Once a sevadar who had had a dispute with another sevadar came to Sardar Bahadur Ji and demanded: “Maharaj Ji, I want justice.” Sardar Bahadur Ji smiled and said, “That commodity is not available here.” The sevadar insisted, “Hazur, I have already told you what happened and what is needed to set things right. Now I beg you to give me justice.”
Sardar Bahadur Ji repeated, “Brother, I have already told you, justice is not available here.” The man exclaimed, “Hazur, if justice is not to be found at your door, where else will I find it?” Sardar Bahadur Ji replied gently, “My good friend, in Hazur Maharaj Ji’s court nothing is available except mercy and grace. Justice is available in Kal’s court.”
We all have a formidable account of karmas that needs to be settled. We cannot change the fact that we will be judged and sentenced for each and every one of our actions, but what we can hope for is that the measure by which we are judged is a compassionate and kind one. Christ has said: “Judge not, that ye be judged.” And Maharaj Charan Singh explains this further by adding:
When we try to judge anybody, we also expose ourselves to judgment.
Spiritual Perspectives, Vol. III
It seems quite simple to understand – if we point out others’ mistakes, then our mistakes will be exposed too, whereas if we forgive others then we too will be forgiven.
Why is it then that we have such a hard time forgiving those who wrong us?
There are two things that we would do well to remember when we are faced with people who offend us or do us wrong.
The first thing is to give everyone the benefit of the doubt – we never know what people’s circumstances are and why they do what they do. If we try to see things from their perspective, things may not seem so wrong after all.
The second thing is to remember that we ourselves need a lot of forgiveness. A common idiom states that people who live in glass houses should not throw stones. So before we decide to belittle anyone for their mistakes, let us try to take a good look at our own flaws.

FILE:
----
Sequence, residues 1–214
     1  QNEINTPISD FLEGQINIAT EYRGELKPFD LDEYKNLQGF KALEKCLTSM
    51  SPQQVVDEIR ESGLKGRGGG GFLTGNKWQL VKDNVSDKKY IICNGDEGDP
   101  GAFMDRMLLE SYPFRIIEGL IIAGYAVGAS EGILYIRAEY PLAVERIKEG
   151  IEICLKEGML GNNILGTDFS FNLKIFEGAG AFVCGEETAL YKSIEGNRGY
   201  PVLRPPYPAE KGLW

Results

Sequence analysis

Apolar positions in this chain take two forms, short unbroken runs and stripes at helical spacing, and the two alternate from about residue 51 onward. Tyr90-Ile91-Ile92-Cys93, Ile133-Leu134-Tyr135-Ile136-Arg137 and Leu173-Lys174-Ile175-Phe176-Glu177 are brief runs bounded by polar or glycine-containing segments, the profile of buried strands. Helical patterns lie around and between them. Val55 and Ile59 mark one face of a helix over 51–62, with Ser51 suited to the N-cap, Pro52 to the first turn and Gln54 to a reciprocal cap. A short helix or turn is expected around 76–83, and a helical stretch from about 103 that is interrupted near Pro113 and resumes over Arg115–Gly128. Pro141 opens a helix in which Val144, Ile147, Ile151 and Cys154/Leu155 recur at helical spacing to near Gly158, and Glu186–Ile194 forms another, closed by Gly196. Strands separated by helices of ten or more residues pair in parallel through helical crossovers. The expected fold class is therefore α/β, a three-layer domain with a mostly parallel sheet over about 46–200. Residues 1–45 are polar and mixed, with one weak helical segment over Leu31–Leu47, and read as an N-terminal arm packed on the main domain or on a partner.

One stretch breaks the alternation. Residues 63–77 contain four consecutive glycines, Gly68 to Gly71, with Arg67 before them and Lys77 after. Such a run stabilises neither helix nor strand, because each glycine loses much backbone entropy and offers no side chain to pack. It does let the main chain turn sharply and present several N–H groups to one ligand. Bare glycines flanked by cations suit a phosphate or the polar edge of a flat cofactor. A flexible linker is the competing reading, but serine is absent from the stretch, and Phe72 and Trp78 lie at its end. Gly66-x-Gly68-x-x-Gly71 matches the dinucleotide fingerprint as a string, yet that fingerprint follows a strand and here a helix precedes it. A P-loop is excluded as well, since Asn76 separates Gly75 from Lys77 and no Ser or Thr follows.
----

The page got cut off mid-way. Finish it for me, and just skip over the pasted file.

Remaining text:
In Spiritual Perspectives, Vol. I, Maharaj Charan Singh says:
The Lord is all love, he is all grace. We do not know, nor can we comprehend what that grace and love is.
So if he loves and cares for us, and if we are sincere in our repentance, then why would he not be willing to forgive us?
The point is, that sincerity in our repentance needs to show in our actions. We cannot expect the Lord to forgive us for our transgressions if we are not willing to forgive and forget the wrongs that others have caused us. We cannot expect the Lord to be understanding and compassionate towards us if we do not display and feel some of that understanding and compassion within ourselves towards others. And most of all, we cannot expect the Lord to redeem us from this sphere of action and reaction unless we express that wish through our sincere efforts in meditation.
The Lord’s grace is not lacking; our efforts are lacking, our sincerity is lacking, our faith is lacking.
Maharaj Charan Singh, Spiritual Perspectives, Vol. II
If we were sincere, we would treat our every action as a new action and every reaction towards us as a settlement of an old action we have done, accepting responsibility for it.
Being sincere requires us to be willing to seek forgiveness from anyone who we may have unintentionally hurt and to forgive anyone who may have hurt us, even if it was intentional.
If we truly want to be forgiven for all that we have done, then we should never give up on our meditation no matter how dull or pointless it may seem. Through our own efforts in meditation, we will never be able to conquer the mind nor pay for our karmas, but these efforts put together form a genuine plea for forgiveness; an honest and sincere request to our Master to overlook our flaws and make us his own.
As Sardar Bahadur Ji said, “In the Master’s court there is only forgiveness.” We can rest assured that every honest effort we make, no matter how inept it may seem, will go a long way in earning us that final redemption from all our sins.
The Lord is within us. He wants to wash away our karma, to make us pure and fit to get into his presence. Our only course amidst sufferings of any kind is first to bear them patiently, with courage and fortitude; and secondly, to pray to the Lord for forgiveness. The Lord hears our prayers and showers concessions which we cannot see unless we go in.
Maharaj Sawan Singh, Spiritual Gems